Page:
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Waco Evening News.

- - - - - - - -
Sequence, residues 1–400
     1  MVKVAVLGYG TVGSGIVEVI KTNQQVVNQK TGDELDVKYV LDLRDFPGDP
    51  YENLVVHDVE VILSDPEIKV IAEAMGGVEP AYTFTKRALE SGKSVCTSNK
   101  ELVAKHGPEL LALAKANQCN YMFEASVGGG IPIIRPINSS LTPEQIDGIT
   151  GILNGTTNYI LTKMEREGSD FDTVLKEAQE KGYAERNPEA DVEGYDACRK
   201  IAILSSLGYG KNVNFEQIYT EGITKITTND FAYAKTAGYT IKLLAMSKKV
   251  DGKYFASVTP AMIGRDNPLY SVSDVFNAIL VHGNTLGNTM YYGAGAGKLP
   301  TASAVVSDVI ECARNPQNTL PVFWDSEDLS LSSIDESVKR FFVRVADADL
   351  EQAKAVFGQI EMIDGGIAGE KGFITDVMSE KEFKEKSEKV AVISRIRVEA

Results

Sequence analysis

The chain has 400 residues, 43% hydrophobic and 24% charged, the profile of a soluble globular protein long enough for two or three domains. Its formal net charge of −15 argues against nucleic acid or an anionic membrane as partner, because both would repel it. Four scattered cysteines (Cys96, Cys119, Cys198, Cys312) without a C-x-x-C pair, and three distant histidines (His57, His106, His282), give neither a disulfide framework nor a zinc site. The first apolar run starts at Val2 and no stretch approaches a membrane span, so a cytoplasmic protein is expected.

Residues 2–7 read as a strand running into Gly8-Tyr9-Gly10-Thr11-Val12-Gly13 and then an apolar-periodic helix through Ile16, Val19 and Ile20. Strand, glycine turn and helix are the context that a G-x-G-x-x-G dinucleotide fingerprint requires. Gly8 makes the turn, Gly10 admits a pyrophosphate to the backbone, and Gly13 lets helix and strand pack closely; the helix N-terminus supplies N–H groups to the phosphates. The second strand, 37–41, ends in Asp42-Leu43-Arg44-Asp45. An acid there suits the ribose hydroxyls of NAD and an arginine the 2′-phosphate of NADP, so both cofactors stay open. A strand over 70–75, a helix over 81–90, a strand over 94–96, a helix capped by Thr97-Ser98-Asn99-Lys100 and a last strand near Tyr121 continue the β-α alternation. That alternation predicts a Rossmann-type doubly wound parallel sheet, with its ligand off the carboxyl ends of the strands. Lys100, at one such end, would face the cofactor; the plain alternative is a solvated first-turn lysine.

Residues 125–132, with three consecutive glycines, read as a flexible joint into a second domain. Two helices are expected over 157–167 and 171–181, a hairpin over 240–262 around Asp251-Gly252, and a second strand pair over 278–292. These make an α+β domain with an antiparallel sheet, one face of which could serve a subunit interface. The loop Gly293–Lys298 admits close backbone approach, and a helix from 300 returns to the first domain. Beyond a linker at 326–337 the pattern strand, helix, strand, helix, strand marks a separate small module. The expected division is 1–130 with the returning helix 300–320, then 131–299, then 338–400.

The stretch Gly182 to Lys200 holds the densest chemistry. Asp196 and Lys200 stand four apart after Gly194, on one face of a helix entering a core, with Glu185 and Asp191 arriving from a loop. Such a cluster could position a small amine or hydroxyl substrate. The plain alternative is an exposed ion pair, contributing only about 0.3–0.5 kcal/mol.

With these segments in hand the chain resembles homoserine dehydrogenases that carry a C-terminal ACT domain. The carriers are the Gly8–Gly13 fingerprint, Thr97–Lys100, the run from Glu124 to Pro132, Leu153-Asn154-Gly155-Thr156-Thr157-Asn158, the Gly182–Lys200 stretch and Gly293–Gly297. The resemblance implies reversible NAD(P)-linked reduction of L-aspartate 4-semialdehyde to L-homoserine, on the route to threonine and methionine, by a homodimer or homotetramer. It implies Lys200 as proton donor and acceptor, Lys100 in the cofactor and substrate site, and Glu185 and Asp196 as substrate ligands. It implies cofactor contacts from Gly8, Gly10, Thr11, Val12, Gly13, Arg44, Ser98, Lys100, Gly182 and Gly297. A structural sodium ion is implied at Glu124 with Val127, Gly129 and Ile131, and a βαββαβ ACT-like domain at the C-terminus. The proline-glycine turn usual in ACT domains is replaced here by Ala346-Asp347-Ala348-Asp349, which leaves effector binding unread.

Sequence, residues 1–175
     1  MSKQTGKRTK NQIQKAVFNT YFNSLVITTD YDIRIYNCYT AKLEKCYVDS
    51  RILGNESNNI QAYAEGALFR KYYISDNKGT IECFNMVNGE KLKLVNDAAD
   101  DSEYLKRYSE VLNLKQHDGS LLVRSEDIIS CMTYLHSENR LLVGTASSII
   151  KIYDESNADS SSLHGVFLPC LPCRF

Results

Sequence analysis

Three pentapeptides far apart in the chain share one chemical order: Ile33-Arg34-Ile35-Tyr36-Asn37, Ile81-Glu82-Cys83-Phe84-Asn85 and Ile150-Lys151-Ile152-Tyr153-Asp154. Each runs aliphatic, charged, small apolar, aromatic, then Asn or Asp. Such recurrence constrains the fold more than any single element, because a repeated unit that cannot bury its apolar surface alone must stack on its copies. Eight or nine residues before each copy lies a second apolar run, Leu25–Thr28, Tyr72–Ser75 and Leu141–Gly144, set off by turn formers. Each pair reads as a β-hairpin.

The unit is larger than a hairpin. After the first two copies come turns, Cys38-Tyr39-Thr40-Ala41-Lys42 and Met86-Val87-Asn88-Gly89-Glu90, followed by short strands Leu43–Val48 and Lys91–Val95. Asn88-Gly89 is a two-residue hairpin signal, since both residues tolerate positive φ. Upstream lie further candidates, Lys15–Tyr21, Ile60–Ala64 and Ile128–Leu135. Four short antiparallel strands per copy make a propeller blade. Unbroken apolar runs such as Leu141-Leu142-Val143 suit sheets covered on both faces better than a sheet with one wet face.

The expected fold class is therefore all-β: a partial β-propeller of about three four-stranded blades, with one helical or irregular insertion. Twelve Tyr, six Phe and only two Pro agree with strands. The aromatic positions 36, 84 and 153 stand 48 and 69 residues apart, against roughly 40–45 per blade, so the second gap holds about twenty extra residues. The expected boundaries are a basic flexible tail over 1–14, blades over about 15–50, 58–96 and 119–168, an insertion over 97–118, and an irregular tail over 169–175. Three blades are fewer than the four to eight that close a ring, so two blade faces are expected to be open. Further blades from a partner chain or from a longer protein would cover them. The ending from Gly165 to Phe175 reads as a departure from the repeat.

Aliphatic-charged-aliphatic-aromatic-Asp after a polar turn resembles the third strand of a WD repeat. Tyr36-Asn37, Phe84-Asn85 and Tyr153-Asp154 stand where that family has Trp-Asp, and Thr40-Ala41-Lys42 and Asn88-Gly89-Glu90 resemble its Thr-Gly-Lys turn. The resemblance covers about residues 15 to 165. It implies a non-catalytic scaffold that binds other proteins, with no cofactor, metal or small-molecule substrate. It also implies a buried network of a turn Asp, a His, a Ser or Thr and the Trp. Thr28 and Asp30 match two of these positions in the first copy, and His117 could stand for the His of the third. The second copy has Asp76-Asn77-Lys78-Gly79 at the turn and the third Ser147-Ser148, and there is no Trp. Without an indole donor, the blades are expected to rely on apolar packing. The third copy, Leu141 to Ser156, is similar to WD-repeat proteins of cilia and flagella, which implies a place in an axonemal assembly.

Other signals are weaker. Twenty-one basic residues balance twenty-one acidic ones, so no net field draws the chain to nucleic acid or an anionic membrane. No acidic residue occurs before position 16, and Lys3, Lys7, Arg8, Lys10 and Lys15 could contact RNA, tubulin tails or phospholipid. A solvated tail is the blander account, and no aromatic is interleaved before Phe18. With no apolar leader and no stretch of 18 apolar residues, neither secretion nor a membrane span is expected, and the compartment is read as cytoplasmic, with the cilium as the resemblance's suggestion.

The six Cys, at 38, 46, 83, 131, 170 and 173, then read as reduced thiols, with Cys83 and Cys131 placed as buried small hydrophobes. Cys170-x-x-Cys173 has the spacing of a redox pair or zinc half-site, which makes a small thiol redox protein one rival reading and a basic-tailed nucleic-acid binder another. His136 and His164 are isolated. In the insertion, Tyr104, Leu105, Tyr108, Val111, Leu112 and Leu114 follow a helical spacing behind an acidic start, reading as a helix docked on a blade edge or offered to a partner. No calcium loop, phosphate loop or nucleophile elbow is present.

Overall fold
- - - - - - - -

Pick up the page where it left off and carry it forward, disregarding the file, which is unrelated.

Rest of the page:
T", If f a THE NEWS aOXxUPA.ia'Y. J. H. HURWoaD, Wmlft'Mnr"- SlltSCKIITIOX F1FTV CENTS A MONTH Waco, Tkxas, July 18, 1888. Politics just now are not as hot as the weather but will warm up as the summer heat declines. Harrison is the son of his grand father and the lepubltcans are push ing the claim, such as it is, for all it is worth. " Threshing )is roing on all over the county to the utmost capacity ol both machines and men, and grain is being truned out in great quantities.- Reports of crops throughout the state, carefully collated by the larger papers, show that it is to be a year of unexampled prosperity. North, south, east and west the crops' are grand. If Aransas Pass becomes a great seaport city the trade of the great northwest will flow to it as it now does to New York and the connection of Waco by the Brazos Valley will make that road worth a thousand times its cost. - The demand for tin cans and glass jars for canning is large. Good house wives are putting up large quantities of fruit and vegetables and foreign canneries will find Texas a poor mark ct for canned goods for a year or two to come, and a large amount of money which has theretofore been -drained from Texas, will this year remain at home. The prosperity of Texas in such a year as the present is not to be meas ured by the amount of money she will receive for cotton and other products There is enough sold every i ear. The income is large enough but the out goes too great. Everything is to be bought, feed, foreign meats, bread stuffs, fruits, canned goods and vege tables. This year almost all those things arc produced at home and this saving will be" of as great money value as the surplus for sale under the adage that a penny saved is a penny made. , A Rare Bird. A large gray eagle was on exhibition at the Palace Saloon all dav yesterday and hundreds of persons went there to see it. The bird, though only two months old, is an immense animal measuring six feet seven and a half inches from tip to tip of the wings. The talons are nearly six inches across and beak and talons are cruel looking weapons. The eagle, was captured near the ranch of the Whites, in Fish er county, Texas, about twelve miles from Sweetwater, and was sent by ex press, by Mr. Robt. White, as a pres ent to his brother. Mr. Henry White. The latter will have a large cage built for the carnivorous bird which seems able at two months old to carry off a lamb, and to be able at a year old to carry off a sheep. Other Testimony. We gave yesterday the opinion of Mr. Gid Sleeper as to the condition crops in this section. Yesterday May or A. Hinchman returned from a trip to Galveston and through Hamilton and Bosque counties. He is even more enthusiastic than Mr.Sleeper over the crop prospects. Of the wheat and oats he has, he says, never seen such crops in his life and he is familiar with the great oats and wheat growiug sec tions of the North and South.' The yield he says will be beyond anything ever known before. The country teems with the cereals. The grass crop,which is not the least important, bankrupts the memoiv of the oldes Texan who tries to remember one as fine, and cot ton covers the country and is growing like weeds with perfect immunity from worms. As for the corn crop, it beg gars description and will not be ex hausted in the next two years. The county, surrounding counties and the state at large have never known as abundant harvests or as grand prospects. Waiting for the Finish. The arrangements by which the Aransas 'Pass railroad company is to build its road from Cameron to "Waco is theoretically finished, and waits only technical completion. At eleven ing a telegram from San Antonio, on receipt of which he and his attorney, Judge L. C. Alexander, were to go to San Antonio on the noon train, there to finish up the contract with Mr. Lott. As to the arrangement for grading the road the contract between the city of Waco and Mr. Cameron is completed except signing. The city of Waco has in bank, as the bonus required, $29,206 in notes, and the reminder of $60,000 casll, in bank ready to be paid over to Mr. Cameron for grading the road 55 miles to Cameron. Fifty thousand of this amomnt is the bonus Waco gives and ten thousaud dollars of that amount is the subscription of the city of Cameron. Instantly on the consumation of the private ar rangements between Mr. Cameron and the Aransas Pass the contract for grad ing will be signed and work commence at.once. As soon as begun the work will be pushed for all it is worth. All over the State large outfits consisting of from one to two hundred teams are waiting for the signal to begin work There are large outfits at San Angelo, Brownwoo., Taylor, Brenham and Cameron, and five large outfits in Dal las. When the word is given these camps ot railroad workers will pour in on the Brazos Valley and throw dirt rapidly. An outfit of at least one hundred and fifty teams are already in Waco, part of which have been here some time. They are in camp, part on Waco Creek and part across the river. Everything now effecting consumation of railroad connection to Cameron depends on the private ar rangements between Col. Cameron and the Aransas Pass railroad com pany. ALL SORTS. ' "Get yourself full of your subject," said the professor. "Saturate your self with it, and then your essay will write itself." "Yes, I know, profes sor," said Mis9 Colespring, "but my essay is on 'Rum the cause of it' " Burdette. One of the curiosities of Georgia is the so-called "sinking mountain" on Chattanooga river. It is said that it is sinking, though almost imperceptibly, all the time, but whenever an earth quake occurs, even in the remotest parts of the earth, it instantly sinks from one to six feet. Teacher "The basis of society, my boys, is the family. But what is the basis of?" Tommy (raising his hand) "t)i know,sori Oi may not be quoit roight, but Oi think the bay sis av the family is me red-headed sis thur." Judge. The force equivalent to the work ing steam engines represents in the United States 7,500,000 horse-power, in England 7,000,000 horse-power, in Germany 4,500,000, in France 3,000, 000. In these the motive power o! the locomotives are not included, whose number in all the world amounts to 105,000, and represents -a total of 3,000,000 horse-power, Adding this amount to the other figures we obtain the total of 45,000,000 horse-power. Floridians are excited over the dis covery of a valuable textile fibre in a plant of common growth, and which can be grown, on waste lands. The plant is known by the name of mane- ney, and the fibre is described as silver gray, and each hbre strong enough to use as sewing thread. The plant is perennial, and from once it takes root becomes as firmly attached to the soil as Bermuda grass. A cord made of the fibre, twisted to the size of an or dinary lead pencil, will sustain 2000 pounds suspended for any length of time. Mrs. Cleveland eats meat nnlv nnr a day at thjs time of year. For her oreaKiast sne always nas eggs in some form, toast, coffee and berries, or mel ons. For lunch she eats lobsters. crabs or fish and a salad of lettus or tomatoes. She is also very fond of asparagus witn sauce tartare. bhe eats meat at dinner. Of the roast she takes a piece well cooked and covers I it with gravy. She is very partial to isoups.and cold consomme is a favor 'ite with her just now. Iced tea she drinks at odd times during the day. 1 Later in the evening she is apt to or der an apollinaris lemonade. This is the latest information imparted by Jenkins. LATBST NEWS. Badly Beaten. Galveston, Tex., 17. The game of baseball played here yostorday be tween Bryan's eraok team and Cal vort's nine resulted In nn overwhelm' Ing defeat for the Bryan boys," the score standing at the eud of tho game, 80 to 8 In favpr of , Cal vert. A BaaYaame. Han Antonio, July n.-xThe Inst of tho present aeries botween Houston and Han .Antonloi was played this evening beforo about 800 people and was won by the former, making its only winning In the four games played here. It was rotten from start to finish and was not-worth a detailed report. Accident to a Child. Van Alstyne Tex., July 17. This morning little May McDanleli 4 years old was playing with a button and got It fastened in herjnose. Her face Is very much swollen and she is suf fering a great deal. Two doctors havo just gone to remove the button. Tumble In Real Eatate. Dallas, Tex., Juno 17. A Dallas gentleman yesterday received a lettor from a relative In Los Angelos Cal., informing lilm that real estate In that city had taken a tumble of 333 per cent nnd thatfioni the signs of the times it w oul J sink to 50 per cent by the 1st of next Sep tember. An Enterprising Town. Waxahachie, July 17. The com mercial club of Wnxahaohle met yes terday evening and organized. The capital stock is $10,000. A committee was appointed to draft the constitu tion and by-laws and secure a char ter for the club. Died of Hjdropholtla. Mrs. Millor of twin Ponds was bit ten by a small dog In May last, and some time since she gave birth to n child, and In n day or two afterward sho was attacked by hydrophobia and only lived a day or tw o. The flaltrtton Mne. Galveston, Tex., Juno 17. O'Nell and Pujol have been let out of the Galveston league. The management of tho Galveston nine Is being made the subject of somo severe criticism just now on account of poor manage ment, the chief characteristic of tho Galveston nine. A Limb Broken. Albany, Tex., July 17. James Wllsford, a fireman on the Toxas Central railroad, fell from the top nf a box car last night about 3 o'clock breaking his leg just above the ankle. He was sleeping on a car in the yard and walked off in his sleep. Tho leg was set by Dr. Powell and he was sent to the oompany's hospital at Houston this morning. Bitten By a Tarantula. Richabdson, Tex., July 17. A young man named Hippy, who lives a few miles west of this place, was bit ten twice by a tarantula yesterday while handing wheat; when a doctor reaohed the boy he was suffering greatly from convulsions and it re quired the entire strength of eight men to hold him. He was much bet ter when the doctor left and in a fair way to recover. This is the fourth season that this young man has had th3 misfortune of being bitten by tarantulas. Colored SMiootUt. Dallas, July 17. Late last night in a cloudy corner of North Dallas, known to tho initiated as Eden Bar racks a colored man named Moses Fugua was terribly shot in the bow els by one Mao Massie of the same color, and it is feared fatally wound ed. Massie, it is alleged, slipped up behind his prey and all unawares shot him while he was sitting on the porch. After the shooting Massie made his escape and had not been captured at last accounts. He is well known to the police, and his arrest is only a question of a short time. Held Up. Dhnison, Tex., July 17. Last night about 10 o'clook, as Harry Marks was going home', he was confronted by two men at the junction of the alley between Sears and Morton streets, Ojii 'Austin avcaue.t Pistols wereleyeledtat hlsWd andjlie was commanded to throw up his hands. Mr. Marks obeyed tho request and tho robbers proceeded to go through his pockots, securing $10. After they hnd soarohed Marks they compelled him to retraco his stops a fow yards while they ran down tho alloy. Tho police wore notified, but fallod to find any clow of tho robbers. Mr. Marks Is of tho opinion that one of tho men was a negro but was not certain, as both of tho.iuen had luuidkorohtefs tied ovor their faces. . White Man Murdered. Sulphur Si'iuncis, July 17. Sher iff Ferguson got a telegram yesterday afternoon iroia Carroll's prairie lh this county, stating that Marlon Gamblln had been k'lled by a negro and ihe bloodhounds were wanted., The hounds were sont at once. Late in the afternoon a negro named Wash Attaway catnovto town on a mule and t61d how he had knocked Gamblln down with a club. WhlleNhe was talk ing the sheriff came along and took him off to Jail. Home time ago Mar ion Gamblln sold a mule to the negro and was to rocleve his pay for It In the fall, but Attaway did not have good crop prospects, and his security refused to stand good for the airiount any longer. Gamblln went to tho nearest houso, about four mllos from Carroll's prairie, Monday to take pos session of the mulo. A bitter quar rel botween the two was carried on in the presenco of Bolton Wilson and three negro women. Gambl'n started to lead the mule out of tho yard, when the negro took his staud nt the bars, and flourishing a pole, threat ened to strike Gamblln if he attempt ed to pass. Gamblln droppod the rein and took hold of the pole. At taway Jerked It away from him and struck him a poweriull blow 611 the head, felling him senseless to the ground. Wilson attempted to help Gamblln, but was prevented by Atta way 's wife. Attaway made at Wil son and Wilson ran for help, and when he returned with some neigh bors he found Gamblln dead. Ho had been struck twico on tho hoad and on tho arm, which was crushed. In his back was a deop wouud made by a knife. When Attaway had fin ished his victim ho mountod the mulo and rodo to his brother's. His brother advised Jilm iy cpmo to Sul phur Spring and make complaint 'ngal .1st Gamblln for trespassing. He am bo ana found sheriff waiting for him. Gamblln was about 25 years old aud was very liighly esteemed in his community. He leaves a wifo and two children. Tho citizens of Carroll's pralrio aro very indignant, and if Attaway had boon found In tho neighborhood yesterday he would have probably dleii. Ixtrndlna-her BoundarlM. Dallas, July 17. The election in North Dallas to-day to decide the question of annexation resulted in a victors for annexation by a small ma jority. This adds 3,000 people, 8,000 acres area and 2,000,000 taxtble values to the city of Dallas. A Water Scheme. Fort Worth, July 17. The plat tine for the Hurst lake survev for the Dallas water supply company is com- pietea. ine artesian well that sup plies this lake flows a six inch stream, and the survey shows the actual dis tance is 138,000 feet, with a total fall of 76.6 feet. The Trinity is crossed near Ogle Ford, where it is about twenty-five feet from the highest bank to the bottom of the bed of the river. This line can be shortened four miles by crossing the big bend in the river south of Hurricane swamp. Estimates of the cost of the pipping and laying the line will be made and then it will be decided if further steps are to be taken. 'The object, if carried out, is to pipe the water to Dallas and sell to wagons which will distribute it to con sumers. How Women of Fashion Crowd Into Trade, London Dally Newt. Paris is about to follow the example set by London In the matter of titled shopkeepers. One of tha most popular nnri rtrAlr.v nf 'Pnrtalan nmmf AbA i 'opening a millinery establishment, nuoiiuo nuti mil uitpgnce m, Don- nets and costumes to her friends for a consideration. A well-known mar quise has for some ilme been making a neat little income by hiring out her nia'gnlflcent'silver plate, outglassand silver candelebras for wedding and other festivities. , Another Parisian of high position is proprletoresstpf a succossful little shop whloh deals In curious and'artibjlo trifles. In London lady shoppers are more'intent upon success than p-lvacy. They wait upon customers in person, and work as hard as any of their assistants. One veryioharmlng'persohage, whose name'may be found 'In the peerage, tries on bonnets herself In the Inter est of hor customers, to detriment ot her coiffure, but tho groat advantage of hor exohequer. Two or three ladles are seriously inolluiug toward the projeot of a large poultry farm not far from London . A n elderly lady of po sition has' already gained for'heisolf qulto a roputatlon aj a ruondor of line old lacos. There aro abundant open ings for cultivated women 'who do not dosplso tho labor of tho hands. in Thirty years ago insanity was al most unknown among the Southern negroes, but now the number is esti mated at 1000, and tlie asylum for their treatment at Goldsboro has just been enlargedi STATU NBWS. txlcani In Aattln. Austin, Texas, July 17. Six ty Mexicans arrived on the train ' this morning to work on the quarries hero. , Attorney-General Hogg has-been visiting Marble Falls ' for a few days. ' HorrlbU Fralrlcldf. Jacksiioiio, July 17. Two orothers named Freeman, living thirteen miles east of Jaoksboro, quarreled yester day'over a sorghum mill and each armod himself with n Wlnohoster and fought to death's end. The younger brother was killed and the elder lis seriously "If not mortally Wounded. KMlf d'Wlth a Club. Bonhan, July 17. Information was received thls.evenlng iroin Ladonla. sixteen mllos south of this place, that the man Saunders who was struck on the head with n'club bj contractor named Kilgore, yesterday, died this morning. The men engaged in a fight and Kilgore, being much the better man physically, soon got the best of Saunders, who cried enough, but when released made for Kilgore again, receiving the fatal blow, Southern Inrentora. Washington, July 17. Of the 401 Cntents and designs issued last week y the United States Patent Office, cltlzons of Arkansas receive 2, Flori da 1, Louisiana 1, Texas 4, and Mis sissippi 1. Texas Louis J. Berersdorf, Lullng. animal trap: Stephen H. French and W. J. Malthy, Balrd, tug; Jas. E. Gaston, Fort Worth, ban lamp; Jas. C. Mnlllson, Brenham, corn and cotton planter combined. 1 Soathtra Ptniloaara, Wash inqton, July 17. The follow ug names have been plaoed on the pension rolls: Texas Frederlot Metzger, New Fountain: .Medora A., widow of Auguslln D. Harris, Gonrales; Chas. F. Woltor, alias Chas. F. UhlTg, Waco; Jacob Hamorsloy, Bed River Station: Win. C. McKeau, staple's Store; Frauds M. Hon ton, Chico; Willis Parker, Lexington; Jasper Smith, Meridian. Clttztna Dlstppcnrlnj. ' Houston, Jrly 17. E. A. Valen tino, nn old and well-known c'tizon of the Fouth ward, has mysteriously dis appeared and nothing is known of las wlioroabouts. He left home about a w 00k ago baying that ho was going to Thompson's Station, not far irom this city on a business trip and noth ing;has boeu seen or heardof him since and his family are extremely uneasy about him. Tb's is the second citizen ot tho city who has mysteriously dis appeared within the last month. Inabeeht of Flame. WiriTKWRiaiiT, July 17 Miss Flora Beeves, residing four miles west of bore, was burned In a terrible manner yesterday. She was starting ft fire in a cook stovo with kerosene and the can exploded, throwing its contents over her. In a second she was wrapped in flames, Her screams for help brought her father to her resoue, but not in time to save her. The flames were extinguished and on examining her it was found that her lower limbs, rl;-itarm and face were burned to a cilsp. She died this evening at 2 o'clock. The father burned his hands in a horrible man ner trying to save his daughter. Text and Pacific Landa Sold. El Paso, July 17. A deed of Bale has just been recorded in the Clerk's office of El Paso countv. by which the Texas and Pacific Railroad Com pany has trausfered all its lands in the county for $3,250,000 to Charles J. Canda, Simeon J. Drake and Wm. J. Strauss, all of New York City. Tho total number of acres surveyed is 1,302,000; The deed covers fifty-five pages of legal cap paper. It was exe cuted August 4, 1887, and has since lain in escrow. Among the signa tures to it Is tba of Jay Gould as President of the Texas and Pacific Railroad Company. Ths land has heretofore been assessed at 75c per acre. Ex.SoldlmtoMMtlnTaxaa. El Paso, Texas July 17. Prepa rations are beipg made in El Paso for a large attendance at the meeting of ex-federals and ex-confederates at San 'Antonio on the 16th, 17th and 18th of August. A call to that effect hat been issued by Maj. T. T. Teel, the president of the Ex-Confederate Asso ciation of Texas. A large delegation will go from El Paso, where a large number of veterans of both armies are living. Last year's meeting was held at Dallasfjand over 40.000 veterans at tended. This year it is thought over 75,030 will attend at, San Antonio. The El Paso contingent will go to gether and go Into camp on the grounds whlle.they are, there. in" Two incidents are related by the Lopdpn, Spectator which seem to' indi cate that animals a-e able to think and cany out a plan. A rough ter rier, when' given ,a-(bone, was. set to eat it oni the gravel drive in front of the bungalow. Two crows had sought often to snatch the meat from the dog, but had always been defeated. Final ly, they discussed the matter in the neighboring tree; after which one of them flew down and picked at the dog's tail, land while" he was attending to this matter the other one came and seized thq bone. , ,Thc same doghad a favorite seat, of which a visiting dog had deprived it. Ope day the terrjer having found his seat thus occupied, fiew savagely out of doors, . barking at a supposed enemT As the intrud ing dog rushed out to take a part in the fray the terrier hastened back to secure posessesion of his seat.